Homeowners speak to Lennox Council regarding special assessments

There were two public hearings at Monday night’s Lennox City Council meeting, one for Resolution 2021-3-22-04 Boynton Avenue Clean Water Funding Application and Resolution 2021-3-22-05 Boynton Avenue Drinking Water Funding Application. No one from the public was there to address the council. Council approved.

The second public hearing was for Resolution 2021-3-22-01 regarding the Ash Street Improvement Project. Affected homeowners were in attendance and several addressed the council.

South Ash Street is currently gravel, the proposed project will pave the street and includes curb, gutter and sidewalk. Lennox City Administrator Nathan Vander Plaats said he met with residents on this street on March 1 to discuss the likelihood of a Special Assessment to pay for the improvement.

The resolution in front of Council Monday stated that the City Council finds this project necessary, that plans and specifications will be available for public review, establishes the prices of the assessment, sets the terms for the payment of the special assessments, and that they intend to use sales tax loans against the 2nd Penny fund to pay for the improvements.

Vander Plaats explained the project cost is estimated at $205,000, of which the City would be responsible for approximately $100,000 and the property owners would be responsible for $105,000.

One homeowner said he and his neighbors are for the most part for it, but said there is concern about the cost.

“The pricing was unexpected,” he said.

Another homeowner said the price is just “way too high” and the interest was listed at 7%. She said her estimated Special Assessment was $321 every month for 10 years. She questioned the need for sidewalks on a dead-end street.

Council discussed lowering the interest rate, and a motion was made to amend the resolution to a 4% interest rate.

The resolution was approved as amended.

Council approved the consent agenda, consisting of minutes of previous meetings, claims and reports.

Under old business Stockwell Engineers brought a more detailed outline for the 2021 Street Improvements proposal and a 2022 Boynton Avenue Improvements proposal.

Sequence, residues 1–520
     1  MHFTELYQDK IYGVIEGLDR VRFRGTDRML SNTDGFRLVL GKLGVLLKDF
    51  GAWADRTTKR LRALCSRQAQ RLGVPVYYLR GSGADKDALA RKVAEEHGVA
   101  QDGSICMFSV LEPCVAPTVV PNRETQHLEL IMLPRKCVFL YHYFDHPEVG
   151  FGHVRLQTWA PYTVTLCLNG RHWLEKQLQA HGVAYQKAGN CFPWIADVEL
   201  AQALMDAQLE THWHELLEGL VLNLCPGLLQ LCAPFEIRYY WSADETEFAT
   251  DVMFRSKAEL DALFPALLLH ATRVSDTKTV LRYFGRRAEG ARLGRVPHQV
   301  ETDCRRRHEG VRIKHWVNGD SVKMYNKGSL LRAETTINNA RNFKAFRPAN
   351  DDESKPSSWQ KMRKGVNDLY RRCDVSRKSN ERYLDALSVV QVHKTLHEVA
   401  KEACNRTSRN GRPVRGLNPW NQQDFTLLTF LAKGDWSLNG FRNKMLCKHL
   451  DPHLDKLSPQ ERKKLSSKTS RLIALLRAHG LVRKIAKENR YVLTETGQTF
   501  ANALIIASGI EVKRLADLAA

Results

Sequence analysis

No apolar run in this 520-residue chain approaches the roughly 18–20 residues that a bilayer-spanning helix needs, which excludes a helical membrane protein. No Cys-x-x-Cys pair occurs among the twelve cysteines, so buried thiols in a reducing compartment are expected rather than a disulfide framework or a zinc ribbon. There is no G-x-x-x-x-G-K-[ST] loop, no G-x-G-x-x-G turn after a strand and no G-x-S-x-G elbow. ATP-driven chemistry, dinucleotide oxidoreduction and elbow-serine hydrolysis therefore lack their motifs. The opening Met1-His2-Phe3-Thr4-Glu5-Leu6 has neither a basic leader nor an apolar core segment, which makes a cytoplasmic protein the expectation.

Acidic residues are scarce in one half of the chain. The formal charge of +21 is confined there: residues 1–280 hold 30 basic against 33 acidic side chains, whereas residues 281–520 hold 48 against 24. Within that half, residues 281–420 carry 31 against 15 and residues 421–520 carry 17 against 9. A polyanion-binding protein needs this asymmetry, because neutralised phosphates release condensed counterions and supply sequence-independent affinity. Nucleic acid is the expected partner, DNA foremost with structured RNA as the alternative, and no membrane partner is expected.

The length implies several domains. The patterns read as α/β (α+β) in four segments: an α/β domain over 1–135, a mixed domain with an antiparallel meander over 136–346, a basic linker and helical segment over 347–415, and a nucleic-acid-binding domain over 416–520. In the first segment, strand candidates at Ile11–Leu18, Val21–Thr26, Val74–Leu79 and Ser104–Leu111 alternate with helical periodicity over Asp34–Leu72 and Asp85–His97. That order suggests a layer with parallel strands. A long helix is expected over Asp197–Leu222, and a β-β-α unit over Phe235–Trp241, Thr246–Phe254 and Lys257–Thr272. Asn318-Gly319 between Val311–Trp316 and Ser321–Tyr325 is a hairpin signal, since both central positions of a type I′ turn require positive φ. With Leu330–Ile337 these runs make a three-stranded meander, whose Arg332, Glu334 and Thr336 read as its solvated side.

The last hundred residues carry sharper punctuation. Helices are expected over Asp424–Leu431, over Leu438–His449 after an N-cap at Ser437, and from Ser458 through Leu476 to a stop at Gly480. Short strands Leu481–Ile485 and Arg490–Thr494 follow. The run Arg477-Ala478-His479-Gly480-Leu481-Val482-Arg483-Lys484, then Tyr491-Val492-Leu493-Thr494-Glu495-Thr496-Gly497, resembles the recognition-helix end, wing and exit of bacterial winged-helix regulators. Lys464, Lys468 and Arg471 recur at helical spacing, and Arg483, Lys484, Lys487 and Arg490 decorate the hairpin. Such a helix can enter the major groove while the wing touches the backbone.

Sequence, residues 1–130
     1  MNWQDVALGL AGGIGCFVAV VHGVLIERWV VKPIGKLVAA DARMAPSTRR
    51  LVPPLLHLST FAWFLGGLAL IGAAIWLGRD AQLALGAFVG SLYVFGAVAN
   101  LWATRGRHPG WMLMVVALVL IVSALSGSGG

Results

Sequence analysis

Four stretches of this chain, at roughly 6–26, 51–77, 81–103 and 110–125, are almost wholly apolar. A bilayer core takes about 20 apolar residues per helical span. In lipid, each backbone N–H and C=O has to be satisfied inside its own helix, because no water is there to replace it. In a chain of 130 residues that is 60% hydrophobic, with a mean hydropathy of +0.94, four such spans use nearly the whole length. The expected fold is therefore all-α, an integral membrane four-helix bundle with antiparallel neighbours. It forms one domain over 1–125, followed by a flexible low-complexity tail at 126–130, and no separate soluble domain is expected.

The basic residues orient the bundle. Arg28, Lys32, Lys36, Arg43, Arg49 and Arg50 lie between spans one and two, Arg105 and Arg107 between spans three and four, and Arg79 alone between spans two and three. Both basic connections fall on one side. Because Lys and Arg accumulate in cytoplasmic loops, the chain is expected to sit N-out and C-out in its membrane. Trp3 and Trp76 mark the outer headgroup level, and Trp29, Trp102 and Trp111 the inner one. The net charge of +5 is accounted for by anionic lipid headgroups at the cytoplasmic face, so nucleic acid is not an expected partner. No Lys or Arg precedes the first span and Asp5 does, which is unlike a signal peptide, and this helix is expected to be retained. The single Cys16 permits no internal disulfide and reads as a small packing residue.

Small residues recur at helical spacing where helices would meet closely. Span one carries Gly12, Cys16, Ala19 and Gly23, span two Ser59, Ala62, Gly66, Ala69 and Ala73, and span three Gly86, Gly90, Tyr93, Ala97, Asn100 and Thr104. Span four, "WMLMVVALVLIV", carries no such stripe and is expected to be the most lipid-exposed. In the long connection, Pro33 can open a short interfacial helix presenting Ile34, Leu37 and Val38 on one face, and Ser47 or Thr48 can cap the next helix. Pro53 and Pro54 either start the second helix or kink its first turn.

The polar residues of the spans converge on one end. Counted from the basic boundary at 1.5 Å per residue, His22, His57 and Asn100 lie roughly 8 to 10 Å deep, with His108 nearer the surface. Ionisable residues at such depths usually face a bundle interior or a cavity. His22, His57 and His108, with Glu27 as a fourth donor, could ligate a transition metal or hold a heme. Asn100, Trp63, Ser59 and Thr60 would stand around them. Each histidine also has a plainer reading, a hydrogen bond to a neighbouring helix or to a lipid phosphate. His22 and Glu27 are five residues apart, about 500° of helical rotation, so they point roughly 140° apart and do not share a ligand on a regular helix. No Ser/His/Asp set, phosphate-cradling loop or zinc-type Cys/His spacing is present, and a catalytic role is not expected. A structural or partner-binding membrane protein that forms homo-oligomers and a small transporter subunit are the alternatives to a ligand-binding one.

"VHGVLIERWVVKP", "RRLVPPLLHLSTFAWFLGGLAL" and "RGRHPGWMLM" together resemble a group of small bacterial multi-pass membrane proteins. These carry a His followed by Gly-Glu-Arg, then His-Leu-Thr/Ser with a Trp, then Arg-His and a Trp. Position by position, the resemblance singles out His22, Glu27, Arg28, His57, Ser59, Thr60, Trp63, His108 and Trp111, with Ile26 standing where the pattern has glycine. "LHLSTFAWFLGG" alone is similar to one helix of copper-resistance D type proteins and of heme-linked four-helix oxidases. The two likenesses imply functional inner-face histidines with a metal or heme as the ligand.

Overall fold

City Engineer Mitch Mergen said he modified the document to reflect an hourly contract and an overall schedule was included. Mayor Stacy DuChene brought up the idea to get another engineering quote for the Boynton project entirety to compare numbers.

Ultimately Council approved both proposals.

Under new business, Vander Plaats explained that the City of Lennox would like to change the use of Stockwell Engineers for water and wastewater operations assistance.

In a memo to the Council he wrote that they anticipate the Lennox Utility Superintendent will be granted the appropriate level of licensure for water distribution, wastewater collection, and wastewater treatment. As of that date, the City will no longer be required to contract with another operator (Stockwell) for these services to stay compliant with state and federal requirements.

City Engineer Mergen will be drafting an amended agreement for the City’s review.

Also under new business Council heard a request from the Lennox School District for a new no-parking zone on Elm Street. The new Lennox Elementary School project included a bus loading zone on the east side of Elm Street at the intersection with 5th Avenue. In order to safety and effectively move buses in and out of this loading zone, the District has requested two no parking zones along Elm Street.

Council amended the Resolution 2022-3-22-02 - No Parking Zones to include a time of 7 a.m. to 5 p.m. Monday through Friday per Police Chief Erickson’s recommendation.

Council approved Resolution 2021-03-22-03 Sales Tax Revenue Bond to be used for South Main and Ash Street.

In the past, the City of Lennox has used cash from Fund 212 (2nd Penny) to fund street improvements and large maintenance projects such as slurry seal/chip seal projects. Vander Plaats proposed a shift in how the City uses that fund.

“Rather than using cash as it accumulates, I am asking that the City instead leverage that cash for debt service,” explained Vander Plaats.

He continued to say that doing so is well within the City’s constitutional borrowing capacity, and said it reduces the time it will take to complete projects by several years, as the City will no longer build up the fund balance to pay cash for projects.

Vander Plaats said the resolution is the first step by establishing up to approximately $825,000 in sales tax revenue bonds.